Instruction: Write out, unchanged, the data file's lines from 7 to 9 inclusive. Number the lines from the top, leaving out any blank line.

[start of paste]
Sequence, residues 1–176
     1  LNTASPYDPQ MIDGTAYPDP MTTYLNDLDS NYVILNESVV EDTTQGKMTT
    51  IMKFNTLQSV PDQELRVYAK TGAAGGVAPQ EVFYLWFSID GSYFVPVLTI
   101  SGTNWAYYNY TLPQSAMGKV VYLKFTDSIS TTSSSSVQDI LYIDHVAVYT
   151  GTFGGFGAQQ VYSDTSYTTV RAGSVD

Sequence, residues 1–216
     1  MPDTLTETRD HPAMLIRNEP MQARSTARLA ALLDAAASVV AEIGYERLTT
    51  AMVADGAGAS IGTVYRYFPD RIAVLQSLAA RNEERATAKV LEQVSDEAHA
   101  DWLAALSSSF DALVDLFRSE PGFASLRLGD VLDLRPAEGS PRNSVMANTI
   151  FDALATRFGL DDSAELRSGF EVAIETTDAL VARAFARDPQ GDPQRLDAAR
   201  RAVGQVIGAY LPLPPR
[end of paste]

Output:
     1  MPDTLTETRD HPAMLIRNEP MQARSTARLA ALLDAAASVV AEIGYERLTT
    51  AMVADGAGAS IGTVYRYFPD RIAVLQSLAA RNEERATAKV LEQVSDEAHA
   101  DWLAALSSSF DALVDLFRSE PGFASLRLGD VLDLRPAEGS PRNSVMANTI